Foresight Study on the Physical Modelling of Wave and Ice Loads on Marine Structures
Foresight Study on the Physical Modelling of Wave and Ice Loads on Marine Structures.
Sutherland, J.and Evers, K.U.
Proceedings of the 35th IAHR World Congress, Chengdu, China. . ISSN ISBN 978-7-89414-588-8 (2013)
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|Abstract:||The measurement of wave and / or ice loads on coastal and maritime structures can play an important role in their final design. The number and range of man-made structures that are subject to these loads is increasing – from offshore oil and gas facilities, through ships and, renewable energy devices, to breakwaters, quay walls, bridges and tunnels. This paper summarises the results of a Foresight Study, available from www.hydralab.eu, which reviewed techniques for making physical model measurements of wave and ice loads on marine structures, summarised their weaknesses and outlined the advances in modelling techniques that the authors expect to see. The short-term developments that are expected include improvements in efficiency by the development of sampling schemes (so that shorter tests may be run) and the improvement of techniques for computing the low-frequency response of floating structures. They also include improvements in wave generation by improving techniques for producing focussed waves over varying bathymetry and in the presence of structures, improving shallow water wave generation using phase-resolving numerical wave models and developing novel forms of tsunami wave generation. We anticipate improvements in instrumentation, including the application of tactile pressure sensors to measure spatially-varying loads, the development of active (servomotor-based) transducers to reproduce non-linear responses and increases in the spatial coverage of optical and acoustic instruments. There will be improvements in access to data, including the sharing of meta-data over the semantic web and the transfer of data from remote experiments. The longer-term changes that are anticipated include (i) the development of composite models with full two-way coupling between numerical and physical models in real time, (ii) increased use of physical models with CFD, (iii) improved treatment of uncertainty, partly achieved through (iv) the provision of much more detailed datasets due to improvements in sensor size, resolution, sampling frequency and spatial coverage, (v) the development of the active laboratory, with many more computer-controlled non-linear devices, (vi) development of simulators to reproduce single phenomena (such as wave run-up or overtopping) in a controlled manner in the field and (vii) the development of more open science, with citations for publically-available data that can be found, described and downloaded over the web.|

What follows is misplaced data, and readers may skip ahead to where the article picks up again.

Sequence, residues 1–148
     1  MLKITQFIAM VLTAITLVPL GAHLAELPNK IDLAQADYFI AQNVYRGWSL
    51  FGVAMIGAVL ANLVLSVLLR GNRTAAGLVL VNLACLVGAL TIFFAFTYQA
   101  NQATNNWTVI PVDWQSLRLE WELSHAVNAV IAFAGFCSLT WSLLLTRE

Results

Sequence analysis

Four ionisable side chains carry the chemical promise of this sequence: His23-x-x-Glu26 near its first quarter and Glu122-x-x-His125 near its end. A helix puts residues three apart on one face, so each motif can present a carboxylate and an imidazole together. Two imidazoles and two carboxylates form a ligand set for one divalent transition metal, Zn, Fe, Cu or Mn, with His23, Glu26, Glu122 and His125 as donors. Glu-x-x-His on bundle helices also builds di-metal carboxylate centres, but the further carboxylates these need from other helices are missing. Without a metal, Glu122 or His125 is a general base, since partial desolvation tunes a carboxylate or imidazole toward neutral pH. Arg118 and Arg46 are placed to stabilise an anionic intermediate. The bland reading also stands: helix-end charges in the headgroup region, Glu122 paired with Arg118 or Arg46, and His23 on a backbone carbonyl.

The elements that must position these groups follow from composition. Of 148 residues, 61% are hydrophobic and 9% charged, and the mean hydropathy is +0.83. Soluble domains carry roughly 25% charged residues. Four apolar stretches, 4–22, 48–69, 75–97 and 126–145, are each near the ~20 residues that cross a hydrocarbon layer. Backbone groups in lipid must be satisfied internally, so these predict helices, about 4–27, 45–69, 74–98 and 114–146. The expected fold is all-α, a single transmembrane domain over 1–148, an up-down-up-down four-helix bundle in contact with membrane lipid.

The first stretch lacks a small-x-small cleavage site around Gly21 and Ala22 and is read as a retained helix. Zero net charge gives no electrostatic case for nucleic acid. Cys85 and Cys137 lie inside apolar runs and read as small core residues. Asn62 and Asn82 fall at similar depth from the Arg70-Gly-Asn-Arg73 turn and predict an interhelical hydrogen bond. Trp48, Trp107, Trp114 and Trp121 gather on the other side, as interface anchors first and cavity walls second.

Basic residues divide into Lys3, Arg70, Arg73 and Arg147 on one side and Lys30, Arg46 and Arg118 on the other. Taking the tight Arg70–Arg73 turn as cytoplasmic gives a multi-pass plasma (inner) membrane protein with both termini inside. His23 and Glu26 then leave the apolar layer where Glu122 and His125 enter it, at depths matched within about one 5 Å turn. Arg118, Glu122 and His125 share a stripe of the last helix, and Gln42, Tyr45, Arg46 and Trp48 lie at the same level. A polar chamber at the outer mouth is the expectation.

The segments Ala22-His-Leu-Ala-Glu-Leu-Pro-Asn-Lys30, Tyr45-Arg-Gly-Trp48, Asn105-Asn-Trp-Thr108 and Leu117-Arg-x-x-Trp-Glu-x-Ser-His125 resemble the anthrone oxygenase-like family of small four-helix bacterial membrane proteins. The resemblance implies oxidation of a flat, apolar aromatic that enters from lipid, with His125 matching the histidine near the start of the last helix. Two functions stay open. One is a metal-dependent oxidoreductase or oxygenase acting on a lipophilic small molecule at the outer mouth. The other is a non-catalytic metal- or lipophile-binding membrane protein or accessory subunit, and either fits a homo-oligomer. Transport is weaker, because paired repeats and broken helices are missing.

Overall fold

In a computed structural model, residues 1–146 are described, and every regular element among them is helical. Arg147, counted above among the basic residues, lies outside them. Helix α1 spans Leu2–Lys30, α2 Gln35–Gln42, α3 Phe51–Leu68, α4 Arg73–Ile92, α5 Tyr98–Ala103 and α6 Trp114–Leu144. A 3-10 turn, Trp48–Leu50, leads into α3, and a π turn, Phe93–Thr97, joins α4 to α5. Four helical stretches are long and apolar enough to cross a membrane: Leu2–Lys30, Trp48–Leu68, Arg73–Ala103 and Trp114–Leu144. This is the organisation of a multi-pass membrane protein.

|Subjects:||Coasts > General|
|Deposited On:||29 Jan 2014 14:54|
|Last Modified:||18 Aug 2014 07:27|
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